Yesterday was a pretty good day.  He was relatively calm and collected most of the day.  He even sat down to work on building things with Legos again (something he hasn’t done in quite a while). He slept through the night, but woke up at 5am.

Unfortunately, he also seems miserable.  Ever since our bout with Resperidone back in March, I’ve been more aware of his moods, not just his behavior. (The Resperidone made him absolutely miserable. I hadn’t realized HOW miserable until we took him off of it and saw goofy/happy Colin again.)

He’s not laughing like he usually does.  In fact, yesterday, I only saw him smile a few times.  (Until around 7pm when his meds were wearing off, of course.)

It’s a fine line.  I want him to do well at school and have the tools/meds he needs to succeed, but ultimately…I want him to be happy as much as anything.  Today is day 2 of the Adderall/Clonidine combination and he’s been emotional and moody. (And, as I watch him playing the Wii and lining the stools up just so, I worry that his OCD tendencies will always be an issue.) He’s playing his favorite video game right now (pinball) and looks focused but joyless.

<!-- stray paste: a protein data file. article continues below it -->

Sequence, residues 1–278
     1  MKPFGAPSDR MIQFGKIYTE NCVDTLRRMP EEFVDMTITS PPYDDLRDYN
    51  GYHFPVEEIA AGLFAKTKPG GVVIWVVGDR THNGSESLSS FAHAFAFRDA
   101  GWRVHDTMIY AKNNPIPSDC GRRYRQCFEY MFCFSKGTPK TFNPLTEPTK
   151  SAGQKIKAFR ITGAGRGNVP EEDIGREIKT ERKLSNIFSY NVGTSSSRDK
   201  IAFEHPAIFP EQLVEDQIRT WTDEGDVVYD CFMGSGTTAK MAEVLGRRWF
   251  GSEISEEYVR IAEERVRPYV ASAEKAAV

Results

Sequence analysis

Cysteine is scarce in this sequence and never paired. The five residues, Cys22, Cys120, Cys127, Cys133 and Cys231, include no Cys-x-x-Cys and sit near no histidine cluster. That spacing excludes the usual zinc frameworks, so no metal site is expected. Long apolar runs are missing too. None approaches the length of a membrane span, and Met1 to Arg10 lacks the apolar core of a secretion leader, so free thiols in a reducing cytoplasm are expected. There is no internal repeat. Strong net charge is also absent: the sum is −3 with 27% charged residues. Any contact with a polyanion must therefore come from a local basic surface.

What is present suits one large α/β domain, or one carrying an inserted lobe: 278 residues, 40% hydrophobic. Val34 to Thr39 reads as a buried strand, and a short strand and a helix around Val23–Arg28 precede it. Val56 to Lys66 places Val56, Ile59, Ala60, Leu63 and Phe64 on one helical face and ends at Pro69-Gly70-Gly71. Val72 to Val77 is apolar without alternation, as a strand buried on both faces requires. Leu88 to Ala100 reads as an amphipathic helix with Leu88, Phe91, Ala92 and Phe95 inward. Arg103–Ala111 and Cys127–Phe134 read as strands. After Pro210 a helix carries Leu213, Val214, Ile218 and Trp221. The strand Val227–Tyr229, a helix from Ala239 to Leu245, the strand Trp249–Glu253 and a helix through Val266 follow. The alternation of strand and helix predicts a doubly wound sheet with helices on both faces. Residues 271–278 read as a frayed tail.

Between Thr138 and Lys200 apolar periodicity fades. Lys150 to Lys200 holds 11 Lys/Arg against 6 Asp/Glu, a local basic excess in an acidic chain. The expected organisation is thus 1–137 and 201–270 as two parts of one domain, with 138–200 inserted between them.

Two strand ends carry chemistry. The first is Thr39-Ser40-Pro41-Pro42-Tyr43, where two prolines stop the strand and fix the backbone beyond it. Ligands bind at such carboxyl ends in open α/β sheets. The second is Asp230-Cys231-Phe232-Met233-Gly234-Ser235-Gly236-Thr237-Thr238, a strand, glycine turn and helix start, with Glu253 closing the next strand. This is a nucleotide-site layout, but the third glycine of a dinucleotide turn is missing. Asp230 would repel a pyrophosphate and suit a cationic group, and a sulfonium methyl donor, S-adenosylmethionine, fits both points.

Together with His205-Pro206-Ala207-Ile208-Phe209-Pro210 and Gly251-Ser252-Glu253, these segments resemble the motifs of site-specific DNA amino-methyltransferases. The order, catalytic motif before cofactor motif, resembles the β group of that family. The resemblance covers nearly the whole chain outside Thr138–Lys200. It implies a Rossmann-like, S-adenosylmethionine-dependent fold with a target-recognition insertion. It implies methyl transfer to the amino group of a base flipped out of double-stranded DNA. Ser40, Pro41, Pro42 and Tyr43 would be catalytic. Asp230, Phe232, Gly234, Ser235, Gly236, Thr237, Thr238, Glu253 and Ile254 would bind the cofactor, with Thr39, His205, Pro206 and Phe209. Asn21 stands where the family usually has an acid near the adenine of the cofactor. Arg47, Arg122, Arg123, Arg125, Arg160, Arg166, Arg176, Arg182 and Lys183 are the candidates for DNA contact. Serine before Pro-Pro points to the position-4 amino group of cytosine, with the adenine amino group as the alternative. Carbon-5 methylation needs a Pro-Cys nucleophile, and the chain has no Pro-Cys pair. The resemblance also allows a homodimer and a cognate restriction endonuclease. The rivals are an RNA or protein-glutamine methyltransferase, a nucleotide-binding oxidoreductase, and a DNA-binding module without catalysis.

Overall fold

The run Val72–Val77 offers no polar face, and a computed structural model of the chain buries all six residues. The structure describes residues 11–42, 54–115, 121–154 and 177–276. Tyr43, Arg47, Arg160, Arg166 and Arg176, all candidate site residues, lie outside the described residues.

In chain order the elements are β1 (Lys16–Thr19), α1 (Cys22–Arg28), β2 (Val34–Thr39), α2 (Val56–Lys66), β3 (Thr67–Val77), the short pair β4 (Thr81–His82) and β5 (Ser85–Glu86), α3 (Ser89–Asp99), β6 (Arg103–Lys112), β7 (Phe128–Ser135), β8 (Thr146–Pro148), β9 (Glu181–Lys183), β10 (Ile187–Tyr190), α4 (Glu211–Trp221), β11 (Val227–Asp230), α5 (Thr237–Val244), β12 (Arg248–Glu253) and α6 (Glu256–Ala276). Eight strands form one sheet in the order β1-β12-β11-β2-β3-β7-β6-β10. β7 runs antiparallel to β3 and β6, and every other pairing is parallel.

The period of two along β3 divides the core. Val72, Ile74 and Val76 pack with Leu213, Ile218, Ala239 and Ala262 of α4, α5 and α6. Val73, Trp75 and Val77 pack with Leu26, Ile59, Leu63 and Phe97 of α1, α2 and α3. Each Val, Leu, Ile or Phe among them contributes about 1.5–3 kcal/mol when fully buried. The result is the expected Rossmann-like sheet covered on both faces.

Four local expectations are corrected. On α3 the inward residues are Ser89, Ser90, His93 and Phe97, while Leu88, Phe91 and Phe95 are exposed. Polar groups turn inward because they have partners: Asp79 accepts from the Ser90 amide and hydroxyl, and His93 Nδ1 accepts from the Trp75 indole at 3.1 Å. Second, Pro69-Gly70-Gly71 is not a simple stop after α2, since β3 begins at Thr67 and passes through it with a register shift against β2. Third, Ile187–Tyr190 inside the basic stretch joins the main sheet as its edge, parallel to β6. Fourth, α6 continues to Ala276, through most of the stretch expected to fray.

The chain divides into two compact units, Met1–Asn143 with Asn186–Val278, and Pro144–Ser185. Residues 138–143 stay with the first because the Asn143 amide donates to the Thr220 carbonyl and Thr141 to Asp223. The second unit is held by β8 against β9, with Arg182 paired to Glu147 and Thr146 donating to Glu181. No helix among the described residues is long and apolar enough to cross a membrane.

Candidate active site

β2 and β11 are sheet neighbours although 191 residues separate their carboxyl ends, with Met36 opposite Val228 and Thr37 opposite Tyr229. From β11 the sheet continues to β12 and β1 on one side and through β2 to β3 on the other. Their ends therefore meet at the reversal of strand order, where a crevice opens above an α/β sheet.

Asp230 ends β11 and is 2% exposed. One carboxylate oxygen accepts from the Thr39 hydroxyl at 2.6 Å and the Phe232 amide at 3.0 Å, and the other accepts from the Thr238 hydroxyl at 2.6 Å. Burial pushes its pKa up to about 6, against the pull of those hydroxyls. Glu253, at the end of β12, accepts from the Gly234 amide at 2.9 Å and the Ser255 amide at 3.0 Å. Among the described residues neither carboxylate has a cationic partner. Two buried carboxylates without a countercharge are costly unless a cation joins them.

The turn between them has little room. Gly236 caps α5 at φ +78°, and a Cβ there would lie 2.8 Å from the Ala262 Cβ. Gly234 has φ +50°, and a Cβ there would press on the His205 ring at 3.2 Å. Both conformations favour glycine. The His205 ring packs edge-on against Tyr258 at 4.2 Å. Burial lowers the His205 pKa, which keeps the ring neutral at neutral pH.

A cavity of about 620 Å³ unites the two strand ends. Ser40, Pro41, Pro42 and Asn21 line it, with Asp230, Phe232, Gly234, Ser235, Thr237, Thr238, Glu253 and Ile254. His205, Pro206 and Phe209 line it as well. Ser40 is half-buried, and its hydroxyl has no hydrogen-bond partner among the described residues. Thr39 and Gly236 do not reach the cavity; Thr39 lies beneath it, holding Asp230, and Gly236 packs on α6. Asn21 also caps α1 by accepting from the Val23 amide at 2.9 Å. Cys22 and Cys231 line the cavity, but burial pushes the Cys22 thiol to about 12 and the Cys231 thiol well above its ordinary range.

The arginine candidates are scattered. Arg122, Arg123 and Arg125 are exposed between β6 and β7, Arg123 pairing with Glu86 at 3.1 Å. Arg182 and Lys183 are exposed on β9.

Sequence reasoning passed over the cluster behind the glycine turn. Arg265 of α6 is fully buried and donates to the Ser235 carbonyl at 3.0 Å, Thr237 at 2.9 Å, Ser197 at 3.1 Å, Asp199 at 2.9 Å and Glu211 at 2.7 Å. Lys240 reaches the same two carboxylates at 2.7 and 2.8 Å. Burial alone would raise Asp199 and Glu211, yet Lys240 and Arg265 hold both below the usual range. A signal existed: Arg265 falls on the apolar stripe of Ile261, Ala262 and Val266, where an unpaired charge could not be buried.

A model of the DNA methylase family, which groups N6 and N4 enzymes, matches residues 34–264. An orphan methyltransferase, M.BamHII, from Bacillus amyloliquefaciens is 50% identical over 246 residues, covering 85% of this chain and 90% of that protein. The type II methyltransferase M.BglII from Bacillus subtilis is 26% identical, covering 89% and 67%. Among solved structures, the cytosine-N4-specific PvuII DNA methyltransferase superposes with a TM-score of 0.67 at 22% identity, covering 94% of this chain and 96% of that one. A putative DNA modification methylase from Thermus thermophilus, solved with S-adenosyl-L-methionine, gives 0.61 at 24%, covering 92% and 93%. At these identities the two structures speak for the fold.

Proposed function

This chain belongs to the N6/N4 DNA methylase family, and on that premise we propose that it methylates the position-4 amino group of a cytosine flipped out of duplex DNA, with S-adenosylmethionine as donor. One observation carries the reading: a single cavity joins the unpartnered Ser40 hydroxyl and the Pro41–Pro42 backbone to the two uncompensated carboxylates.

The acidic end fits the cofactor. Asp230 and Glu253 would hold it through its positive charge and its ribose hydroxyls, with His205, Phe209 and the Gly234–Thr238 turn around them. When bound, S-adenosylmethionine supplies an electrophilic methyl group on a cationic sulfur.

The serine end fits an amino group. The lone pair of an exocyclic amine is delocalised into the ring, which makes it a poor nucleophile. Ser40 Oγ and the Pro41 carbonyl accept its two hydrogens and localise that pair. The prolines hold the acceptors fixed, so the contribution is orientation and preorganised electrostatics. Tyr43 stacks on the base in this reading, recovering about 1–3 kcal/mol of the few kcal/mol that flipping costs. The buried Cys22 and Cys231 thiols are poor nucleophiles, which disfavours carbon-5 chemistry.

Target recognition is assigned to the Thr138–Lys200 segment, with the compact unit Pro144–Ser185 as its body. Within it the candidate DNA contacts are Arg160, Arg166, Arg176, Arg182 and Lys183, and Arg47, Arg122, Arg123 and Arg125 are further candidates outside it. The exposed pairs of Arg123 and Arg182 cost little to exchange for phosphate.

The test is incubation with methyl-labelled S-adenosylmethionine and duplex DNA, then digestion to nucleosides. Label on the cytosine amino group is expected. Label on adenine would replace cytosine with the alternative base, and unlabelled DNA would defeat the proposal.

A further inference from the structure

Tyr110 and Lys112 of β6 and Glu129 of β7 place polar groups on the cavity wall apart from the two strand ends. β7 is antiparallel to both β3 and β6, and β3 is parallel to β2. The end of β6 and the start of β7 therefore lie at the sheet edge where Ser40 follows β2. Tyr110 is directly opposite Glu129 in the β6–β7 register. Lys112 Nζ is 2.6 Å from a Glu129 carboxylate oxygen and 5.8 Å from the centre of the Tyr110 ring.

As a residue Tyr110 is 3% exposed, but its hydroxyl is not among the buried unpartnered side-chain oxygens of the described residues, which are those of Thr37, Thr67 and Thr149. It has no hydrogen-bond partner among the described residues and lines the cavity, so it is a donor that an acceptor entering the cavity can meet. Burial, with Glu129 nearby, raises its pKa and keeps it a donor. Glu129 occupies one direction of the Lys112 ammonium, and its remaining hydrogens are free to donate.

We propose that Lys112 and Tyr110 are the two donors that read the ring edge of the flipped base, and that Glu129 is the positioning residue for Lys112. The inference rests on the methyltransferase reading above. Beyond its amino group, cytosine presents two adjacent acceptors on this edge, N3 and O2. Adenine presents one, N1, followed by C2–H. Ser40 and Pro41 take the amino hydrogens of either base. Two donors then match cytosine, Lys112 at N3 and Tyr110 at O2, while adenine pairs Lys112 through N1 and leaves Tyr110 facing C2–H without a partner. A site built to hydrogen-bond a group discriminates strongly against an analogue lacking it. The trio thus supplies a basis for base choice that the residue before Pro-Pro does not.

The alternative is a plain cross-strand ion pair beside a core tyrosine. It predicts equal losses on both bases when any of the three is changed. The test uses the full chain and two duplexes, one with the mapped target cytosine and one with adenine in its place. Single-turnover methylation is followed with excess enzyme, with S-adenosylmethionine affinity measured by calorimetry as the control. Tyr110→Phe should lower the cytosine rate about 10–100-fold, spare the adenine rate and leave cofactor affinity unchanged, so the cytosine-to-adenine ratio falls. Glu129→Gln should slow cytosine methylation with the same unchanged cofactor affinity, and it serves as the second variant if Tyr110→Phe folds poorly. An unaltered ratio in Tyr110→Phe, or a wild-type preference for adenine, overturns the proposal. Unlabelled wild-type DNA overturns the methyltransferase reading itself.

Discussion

We’ll see how the next few days go.  I agree with the doctor that we need to move away from the Ritalin.  I don’t think it’s helping him any more and the amount he was on was higher than an 8-year-old boy should be taking (80mg of extended release in the AM and 20mg of  quick release in the PM).